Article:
Why the lack of spending on neuroscience? A comparison with cancer research spending, and a neologism (‘malbrain’).

Richard Milhous Nixon, 37th President of the U...
Richard Milhous Nixon, 37th President of the United States (Photo credit: Wikipedia)

Previously, I wondered why there is no hue and cry about the loss of research budgets for neuroscience. Comparing research spends between areas is not easy. This paper (Sobocki et al., 2006) has some data:


This article is a markedly condensed summary of a longer report [Resource allocation to brain research in Europe (RABRE), part 2] that is simultaneously published on line: (i) as supplementary material linked to this European Journal of Neuroscience article (http://www.blackwell-synergy.com/loi/ejn) and (ii) on the website of the European Brain Council (http://www.europeanbraincouncil.org/publications). We have recently shown that brain diseases account for 35% of the overall disease burden and cost European society almost €400 billion per year (a billion is understood to mean one thousand million throughout this report). The aim of the present study was to estimate funding for brain research in Europe and the cost–benefit of further investments in this area of research. The assessment of funding included public sources (governmental agencies plus charities) and industry funding. The assessment of publicly financed research support for brain research was based on a comprehensive survey, and industry investment in brain research was assessed based on published data on pharmaceutical development. The total funding of brain research in Europe was estimated at €4.1 billion in 2005, of which public grants amounted to < €900 million. Thus, industry funding accounted for 79%. Although cancer only incurred 50% of the cost of brain diseases in 2005, public grants for cancer research were almost twice as high as the public financial support of brain research. US-based funding of brain research was almost four times higher than European funding. We assessed the cost–benefit of further investment in brain research using different methods. They all showed that increased investment in brain research is likely to be highly cost-effective. We conclude that European spending on brain research, particularly public spending, is low compared to other fields of research and to the US, and that increased investment in brain research seems warranted. (highlighting added)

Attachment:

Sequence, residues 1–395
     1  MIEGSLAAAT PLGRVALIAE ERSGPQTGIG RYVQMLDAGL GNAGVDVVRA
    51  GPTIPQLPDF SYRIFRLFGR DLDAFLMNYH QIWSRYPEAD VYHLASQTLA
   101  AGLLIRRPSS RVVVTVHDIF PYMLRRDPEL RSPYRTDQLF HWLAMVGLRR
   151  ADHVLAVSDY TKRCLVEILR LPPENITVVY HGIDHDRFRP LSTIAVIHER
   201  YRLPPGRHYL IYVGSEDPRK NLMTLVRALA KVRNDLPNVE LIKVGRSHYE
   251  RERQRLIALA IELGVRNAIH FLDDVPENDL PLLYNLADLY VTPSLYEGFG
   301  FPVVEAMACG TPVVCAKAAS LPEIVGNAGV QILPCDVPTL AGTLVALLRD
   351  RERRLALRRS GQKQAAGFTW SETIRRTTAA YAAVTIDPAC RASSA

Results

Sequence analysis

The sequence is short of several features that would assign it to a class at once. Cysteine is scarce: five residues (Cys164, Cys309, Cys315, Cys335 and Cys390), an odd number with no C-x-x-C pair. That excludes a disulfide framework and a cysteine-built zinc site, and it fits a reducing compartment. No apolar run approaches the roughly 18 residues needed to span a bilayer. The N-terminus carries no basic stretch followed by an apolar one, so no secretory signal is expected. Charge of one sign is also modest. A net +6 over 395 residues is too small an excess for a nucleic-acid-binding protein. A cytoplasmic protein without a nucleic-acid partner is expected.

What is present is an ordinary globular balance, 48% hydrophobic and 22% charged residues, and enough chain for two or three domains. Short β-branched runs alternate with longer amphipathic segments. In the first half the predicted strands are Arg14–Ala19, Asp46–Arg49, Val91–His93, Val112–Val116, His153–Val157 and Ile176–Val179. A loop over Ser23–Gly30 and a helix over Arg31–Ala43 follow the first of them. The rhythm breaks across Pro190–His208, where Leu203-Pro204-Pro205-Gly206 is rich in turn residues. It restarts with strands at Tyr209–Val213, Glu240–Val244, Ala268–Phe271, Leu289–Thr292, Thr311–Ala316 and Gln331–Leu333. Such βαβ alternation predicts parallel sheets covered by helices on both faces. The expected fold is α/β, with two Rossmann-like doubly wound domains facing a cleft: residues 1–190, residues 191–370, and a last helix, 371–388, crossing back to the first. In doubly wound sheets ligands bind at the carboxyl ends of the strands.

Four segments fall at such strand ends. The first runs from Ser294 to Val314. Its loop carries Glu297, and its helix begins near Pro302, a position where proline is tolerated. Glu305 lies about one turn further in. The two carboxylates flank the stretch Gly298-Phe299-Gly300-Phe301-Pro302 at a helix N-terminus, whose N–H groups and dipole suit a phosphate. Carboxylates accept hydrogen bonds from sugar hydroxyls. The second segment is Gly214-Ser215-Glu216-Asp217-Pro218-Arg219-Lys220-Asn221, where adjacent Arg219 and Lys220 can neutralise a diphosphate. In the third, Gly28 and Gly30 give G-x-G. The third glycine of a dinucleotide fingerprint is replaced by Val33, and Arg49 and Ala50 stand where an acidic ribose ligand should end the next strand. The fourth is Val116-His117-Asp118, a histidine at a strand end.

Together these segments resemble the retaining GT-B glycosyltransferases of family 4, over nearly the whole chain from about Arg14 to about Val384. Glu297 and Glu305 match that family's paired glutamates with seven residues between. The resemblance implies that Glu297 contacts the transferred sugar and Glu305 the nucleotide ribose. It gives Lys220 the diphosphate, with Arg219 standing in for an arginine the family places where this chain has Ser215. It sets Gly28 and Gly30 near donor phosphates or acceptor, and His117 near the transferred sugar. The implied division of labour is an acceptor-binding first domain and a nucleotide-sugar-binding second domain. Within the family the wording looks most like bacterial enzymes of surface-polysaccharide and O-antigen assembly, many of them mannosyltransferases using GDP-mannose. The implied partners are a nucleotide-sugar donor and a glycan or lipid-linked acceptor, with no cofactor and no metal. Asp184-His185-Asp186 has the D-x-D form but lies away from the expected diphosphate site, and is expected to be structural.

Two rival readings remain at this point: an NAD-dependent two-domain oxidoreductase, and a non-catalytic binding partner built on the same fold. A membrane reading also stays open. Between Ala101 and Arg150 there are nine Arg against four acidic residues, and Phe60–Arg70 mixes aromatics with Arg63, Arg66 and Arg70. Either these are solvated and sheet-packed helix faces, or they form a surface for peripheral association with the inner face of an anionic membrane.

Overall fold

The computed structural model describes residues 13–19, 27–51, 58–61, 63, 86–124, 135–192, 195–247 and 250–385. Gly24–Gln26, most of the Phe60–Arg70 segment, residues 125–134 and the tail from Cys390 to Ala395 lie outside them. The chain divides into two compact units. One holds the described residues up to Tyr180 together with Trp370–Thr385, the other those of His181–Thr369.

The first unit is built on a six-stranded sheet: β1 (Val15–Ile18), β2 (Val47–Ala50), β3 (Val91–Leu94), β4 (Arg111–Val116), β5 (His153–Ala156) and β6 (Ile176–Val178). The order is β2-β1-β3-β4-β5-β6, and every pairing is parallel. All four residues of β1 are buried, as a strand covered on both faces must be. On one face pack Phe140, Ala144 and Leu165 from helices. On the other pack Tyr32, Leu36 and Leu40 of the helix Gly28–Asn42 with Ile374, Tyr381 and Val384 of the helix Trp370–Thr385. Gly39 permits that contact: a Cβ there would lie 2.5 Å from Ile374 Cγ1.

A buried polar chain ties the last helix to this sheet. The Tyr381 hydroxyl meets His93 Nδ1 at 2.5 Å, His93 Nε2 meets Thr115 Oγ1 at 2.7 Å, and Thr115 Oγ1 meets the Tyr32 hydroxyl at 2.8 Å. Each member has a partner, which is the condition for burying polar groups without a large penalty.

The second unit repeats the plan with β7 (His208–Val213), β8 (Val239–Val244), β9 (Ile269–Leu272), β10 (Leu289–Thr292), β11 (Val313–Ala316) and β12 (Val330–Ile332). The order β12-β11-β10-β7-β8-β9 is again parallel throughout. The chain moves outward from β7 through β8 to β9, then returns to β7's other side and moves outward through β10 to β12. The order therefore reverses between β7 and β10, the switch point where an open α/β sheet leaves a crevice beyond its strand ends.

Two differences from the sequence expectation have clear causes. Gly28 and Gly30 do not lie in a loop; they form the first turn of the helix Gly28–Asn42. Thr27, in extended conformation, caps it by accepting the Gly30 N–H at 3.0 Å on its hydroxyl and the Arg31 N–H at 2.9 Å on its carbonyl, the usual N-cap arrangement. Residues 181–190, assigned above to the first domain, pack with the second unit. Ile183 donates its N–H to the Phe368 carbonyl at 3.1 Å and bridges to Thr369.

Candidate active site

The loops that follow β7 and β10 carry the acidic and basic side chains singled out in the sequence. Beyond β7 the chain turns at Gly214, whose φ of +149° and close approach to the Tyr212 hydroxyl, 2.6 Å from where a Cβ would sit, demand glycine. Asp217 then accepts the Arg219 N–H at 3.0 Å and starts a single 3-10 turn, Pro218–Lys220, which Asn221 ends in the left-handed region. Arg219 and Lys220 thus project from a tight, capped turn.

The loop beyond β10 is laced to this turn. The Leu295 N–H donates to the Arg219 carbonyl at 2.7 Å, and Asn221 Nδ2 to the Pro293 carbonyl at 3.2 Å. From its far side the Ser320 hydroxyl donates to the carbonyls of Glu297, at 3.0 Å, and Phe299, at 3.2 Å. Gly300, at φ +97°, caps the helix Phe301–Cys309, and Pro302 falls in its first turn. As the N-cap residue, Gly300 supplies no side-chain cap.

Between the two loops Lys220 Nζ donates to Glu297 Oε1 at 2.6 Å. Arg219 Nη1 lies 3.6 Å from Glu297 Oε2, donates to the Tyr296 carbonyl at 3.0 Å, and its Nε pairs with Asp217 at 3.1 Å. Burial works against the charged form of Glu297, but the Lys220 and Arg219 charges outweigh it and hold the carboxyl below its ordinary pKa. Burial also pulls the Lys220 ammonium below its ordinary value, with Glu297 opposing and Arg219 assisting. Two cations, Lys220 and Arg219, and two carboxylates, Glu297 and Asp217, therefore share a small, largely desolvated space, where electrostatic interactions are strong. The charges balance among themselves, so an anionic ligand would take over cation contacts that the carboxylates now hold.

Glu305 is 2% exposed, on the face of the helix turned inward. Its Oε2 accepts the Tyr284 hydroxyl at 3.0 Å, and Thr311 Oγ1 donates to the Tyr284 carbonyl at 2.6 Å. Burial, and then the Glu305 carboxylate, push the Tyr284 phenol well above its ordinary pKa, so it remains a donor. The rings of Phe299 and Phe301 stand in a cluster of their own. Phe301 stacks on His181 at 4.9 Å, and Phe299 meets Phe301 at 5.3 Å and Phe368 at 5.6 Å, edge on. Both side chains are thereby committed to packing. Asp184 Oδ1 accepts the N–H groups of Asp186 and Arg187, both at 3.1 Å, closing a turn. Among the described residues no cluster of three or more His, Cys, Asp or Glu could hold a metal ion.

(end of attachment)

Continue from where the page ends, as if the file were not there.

In the US, the National Cancer Institute‘s annual budget is about $5.8 B, whereas the National Institute of Mental Health‘s annual budget is about $1.4 B.

Why is there such tremendous disparity in public and private research spending on cancer, compared to brain research? There are historical reasons for this. In 1971, President Richard Nixon, for example, famously inaugurated the “War on Cancer”, setting off a decades-long research programme in fundamental and applied research in the area of cancer. The pharmaceutical companies have not been closing their oncology research divisions. The question again must be posed, why does this disparity exist?  The prospect of having cancer, living through cancer, or dying from cancer is something that is real and immediate. There are actually many different cancers, several hundred by current estimates, each with different phenotypes, life history, risk factors, gender-specific issues, and many other differences. But nonetheless, cancer is understood by the public at large, by the political establishment, by the pharmaceutical companies and a host of other stakeholders as a single-word issue of great and pressing concern to all members of society. There is no such counterpart word available for the diseases of the brain, and no similar urgency in ensuring that there is substantial research spending for brain diseases. Is there a branding issue? Does neuroscience need a single unifying word for all diseases and disorders of brain structure and function? One that also destigmatises issues surrounding mental health? Perhaps there is a need for such a word. How about ‘malbrain? More in the next post.

[update: here are some UK figures:

Combining the annual costs of health and social care, dementia cost £10.5 billion, compared to £4.5 billion for cancer, £2.7 billion for stroke and £2.3 billion for CHD. After combining health and social care, informal care and productivity losses, dementia also had the highest annual cost at £23 billion, followed by cancer (£12 billion), CHD (£8 billion) and stroke (£5 billion). However, despite this, funding for research into mental illness continues to lag behind that spent on other illnesses. For example, £590 million is spent on researching cancer, while only £50 million is spent on dementia.]

Author: Shane O'Mara

Neuroscientist, Psychologist, Writer

One thought on “Why the lack of spending on neuroscience? A comparison with cancer research spending, and a neologism (‘malbrain’).

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